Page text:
Supreme Court Refused to countermand West Bengal Panchayat Elections:
These were the reasons given by Supreme Court for declining to interfere:
“[I]t would be inappropriate for this Court to exercise its jurisdiction to interdict the declaration of results of the uncontested seats. First and foremost, it is necessary for the Court to notice that no specific relief was claimed before the High Court in regard to those seats where there was no contest. Neither were there adequate pleadings nor indeed were specific prayers set up before the High Court when its jurisdiction under Article 226 was invoked. The proceedings before the High Court were brought by several political parties, each of whom would have been well aware of the situation on the ground and the need to formulate an adequate basis in fact to invoke the jurisdiction of the High Court. Absent such a factual foundation, the High Court dealt with the only issue which had been addressed, which was the plea that nominations should be allowed to be filed in the electronic form. No other plea was raised.
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Democracy is government by the people:
Democracy is a continual participative operation, not a cataclysmic, periodic exercise. The little man, in his multitude,marking his vote at the poll does a social audit of his Parliament plus political choice of his proxy. Although the full flower of participative Government rarely blossoms, the minimum credential of popular government is appeal to the people after every term for a renewal of confidence. So we have adult franchise and general elections as constitutional compulsions. “the right of election is the very essence of the constitution” (Junius). It needs little argument to hold that the heart of the Parliamentary system is free and fair election periodically held, based on adult franchise, although social and economic democracy may demand much more.
Participatory democracy means the participation of residents of this State in the development of public policy and in the improvement of the operation of government at all levels.
Challenging task of conducting elections in India:
Conducting free and fair elections in a country like India, 73 crores people of which country constitute electoral bank, is by no means an easy task. India is the largest democracy in the world. Because of number of factors i.e. different culture, different languages, diverse territories with different ecology and climatic conditions, the high rate of illiteracy and poverty as well as different societal norms, the challenges faced by the Election Commission of India in this country are unique and unparallel.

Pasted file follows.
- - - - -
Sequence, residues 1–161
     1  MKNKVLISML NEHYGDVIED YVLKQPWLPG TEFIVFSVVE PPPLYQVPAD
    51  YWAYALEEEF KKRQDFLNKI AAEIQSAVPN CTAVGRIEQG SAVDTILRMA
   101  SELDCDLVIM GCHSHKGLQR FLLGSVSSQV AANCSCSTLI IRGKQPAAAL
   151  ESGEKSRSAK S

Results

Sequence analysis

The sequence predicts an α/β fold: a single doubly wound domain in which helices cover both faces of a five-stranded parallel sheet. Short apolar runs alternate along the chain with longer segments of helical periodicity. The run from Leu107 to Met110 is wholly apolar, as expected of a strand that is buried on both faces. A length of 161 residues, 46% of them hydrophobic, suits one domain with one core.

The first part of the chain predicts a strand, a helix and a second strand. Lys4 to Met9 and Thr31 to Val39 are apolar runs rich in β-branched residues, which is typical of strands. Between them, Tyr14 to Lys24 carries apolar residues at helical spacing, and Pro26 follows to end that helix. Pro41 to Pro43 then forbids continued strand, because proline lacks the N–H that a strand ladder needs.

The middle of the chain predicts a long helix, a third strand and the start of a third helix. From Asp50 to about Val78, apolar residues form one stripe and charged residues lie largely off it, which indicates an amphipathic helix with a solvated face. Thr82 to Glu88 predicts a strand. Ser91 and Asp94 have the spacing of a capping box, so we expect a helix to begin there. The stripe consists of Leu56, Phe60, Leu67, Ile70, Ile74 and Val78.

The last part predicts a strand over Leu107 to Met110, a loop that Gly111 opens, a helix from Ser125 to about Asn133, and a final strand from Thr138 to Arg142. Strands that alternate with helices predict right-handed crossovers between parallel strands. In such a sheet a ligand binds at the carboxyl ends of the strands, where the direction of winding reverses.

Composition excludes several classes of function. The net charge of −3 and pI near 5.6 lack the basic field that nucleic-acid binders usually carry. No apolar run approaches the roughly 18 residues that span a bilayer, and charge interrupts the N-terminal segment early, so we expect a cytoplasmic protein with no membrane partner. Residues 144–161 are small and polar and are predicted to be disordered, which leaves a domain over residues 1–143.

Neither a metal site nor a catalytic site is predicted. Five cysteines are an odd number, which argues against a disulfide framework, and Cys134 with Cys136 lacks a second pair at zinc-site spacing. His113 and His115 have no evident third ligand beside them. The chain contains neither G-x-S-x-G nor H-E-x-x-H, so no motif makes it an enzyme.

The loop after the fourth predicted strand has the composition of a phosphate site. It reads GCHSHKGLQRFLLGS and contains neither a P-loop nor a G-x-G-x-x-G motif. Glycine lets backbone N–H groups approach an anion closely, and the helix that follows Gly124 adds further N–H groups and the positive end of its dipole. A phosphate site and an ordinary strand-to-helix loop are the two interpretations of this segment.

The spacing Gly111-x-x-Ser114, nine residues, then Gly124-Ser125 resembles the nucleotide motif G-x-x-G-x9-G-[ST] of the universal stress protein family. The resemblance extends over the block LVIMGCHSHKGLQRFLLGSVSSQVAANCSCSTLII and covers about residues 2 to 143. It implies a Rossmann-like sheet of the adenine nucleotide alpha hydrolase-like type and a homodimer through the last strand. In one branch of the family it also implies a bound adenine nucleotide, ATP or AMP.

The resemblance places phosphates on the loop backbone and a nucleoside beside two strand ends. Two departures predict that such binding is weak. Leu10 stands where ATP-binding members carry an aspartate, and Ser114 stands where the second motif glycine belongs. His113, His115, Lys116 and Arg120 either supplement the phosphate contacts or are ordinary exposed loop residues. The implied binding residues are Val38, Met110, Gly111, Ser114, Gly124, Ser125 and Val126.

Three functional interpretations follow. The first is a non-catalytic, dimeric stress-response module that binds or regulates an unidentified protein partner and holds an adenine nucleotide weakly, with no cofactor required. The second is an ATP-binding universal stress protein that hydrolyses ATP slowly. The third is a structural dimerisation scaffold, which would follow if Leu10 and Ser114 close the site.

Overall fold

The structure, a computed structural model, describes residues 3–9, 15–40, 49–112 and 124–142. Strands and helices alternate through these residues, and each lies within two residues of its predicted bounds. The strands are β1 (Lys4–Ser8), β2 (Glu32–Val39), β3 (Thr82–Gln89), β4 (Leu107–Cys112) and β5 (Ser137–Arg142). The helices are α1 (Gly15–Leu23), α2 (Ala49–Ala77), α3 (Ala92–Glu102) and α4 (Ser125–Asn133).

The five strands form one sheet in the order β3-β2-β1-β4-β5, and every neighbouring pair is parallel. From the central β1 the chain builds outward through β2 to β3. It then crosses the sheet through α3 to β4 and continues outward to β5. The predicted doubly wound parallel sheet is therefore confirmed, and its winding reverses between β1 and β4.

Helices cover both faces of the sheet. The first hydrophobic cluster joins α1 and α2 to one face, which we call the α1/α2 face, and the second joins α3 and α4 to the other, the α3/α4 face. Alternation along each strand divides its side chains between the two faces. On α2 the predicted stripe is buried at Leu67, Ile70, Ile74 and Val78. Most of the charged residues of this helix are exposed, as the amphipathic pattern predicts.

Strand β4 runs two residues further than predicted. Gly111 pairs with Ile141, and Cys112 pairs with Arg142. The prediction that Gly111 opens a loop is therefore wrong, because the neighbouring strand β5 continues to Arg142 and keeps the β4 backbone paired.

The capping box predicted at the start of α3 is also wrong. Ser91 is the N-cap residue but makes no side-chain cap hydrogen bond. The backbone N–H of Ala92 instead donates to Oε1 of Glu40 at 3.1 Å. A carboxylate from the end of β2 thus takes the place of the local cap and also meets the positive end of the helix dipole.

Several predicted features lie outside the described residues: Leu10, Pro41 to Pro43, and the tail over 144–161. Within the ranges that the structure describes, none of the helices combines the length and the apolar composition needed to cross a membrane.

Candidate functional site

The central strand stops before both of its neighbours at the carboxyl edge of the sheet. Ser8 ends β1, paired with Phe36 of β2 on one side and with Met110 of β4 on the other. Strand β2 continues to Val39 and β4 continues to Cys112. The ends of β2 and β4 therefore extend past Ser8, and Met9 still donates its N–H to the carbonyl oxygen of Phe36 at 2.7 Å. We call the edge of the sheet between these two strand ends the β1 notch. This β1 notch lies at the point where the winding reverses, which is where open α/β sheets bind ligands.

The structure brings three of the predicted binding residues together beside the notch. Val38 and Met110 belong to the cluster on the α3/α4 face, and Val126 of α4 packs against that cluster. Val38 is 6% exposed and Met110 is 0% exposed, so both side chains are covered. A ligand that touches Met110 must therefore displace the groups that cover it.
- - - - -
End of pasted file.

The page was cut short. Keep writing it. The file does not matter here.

[Source: Dr. Subramanian Swamy vs Election Commission Of India (Supreme Court of India)]
Right to campaign for election:
There is no right more basic in our democracy than the right to participate in electing our political leaders. Citizens can exercise that right in a variety of ways: They can run for office themselves, vote, urge others to vote for a particular candidate, volunteer to work on a campaign, and contribute to a candidate’s campaign. This case is about the last of those options.
The right to participate in democracy through political contributions is protected by the First Amendment, but that right is not absolute. Our cases have held that Congress may regulate campaign contributions to protect
against corruption or the appearance of corruption.
At the same time, we have made clear that Congress may not regulate contributions simply to reduce the amount of money in politics, or to restrict the political participation of some in order to enhance the relative influence of others.
Many people might find those latter objectives attractive: They would be delighted to see fewer television commercials touting a candidate’s accomplishments or disparaging an opponent’s character. Money in politics may at times seem repugnant to some, but so too does much of what the First Amendment vigorously protects. If the First Amendment protects flag burning, funeral protests, and Nazi parades—despite the profound offense such
spectacles cause—it surely protects political campaign speech despite popular opposition.
Indeed, as we have emphasized, the First Amendment “has its fullest and most urgent application precisely to the conduct of campaigns for political office.
[Source: ROBERTS, C. J in McCutcheon v. Federal Election Commission, (Supreme Court of USA) relying upon Buckley v. Valeo, 424 U. S. 1, 26–27 (1976) (per curiam); Arizona Free Enterprise Club’s Freedom Club PAC v. Bennett, 564 U. S. ___, ___ (2011) (slip op., at 24–25); Texas v. Johnson, 491 U. S. 397 (1989); Snyder v. Phelps, 562 U. S. ___(2011); National Socialist Party of America v. Skokie, 432 U. S. 43 (1977) (per curiam) and Monitor Patriot Co. v. Roy, 401 U. S. 265, 272 (1971).]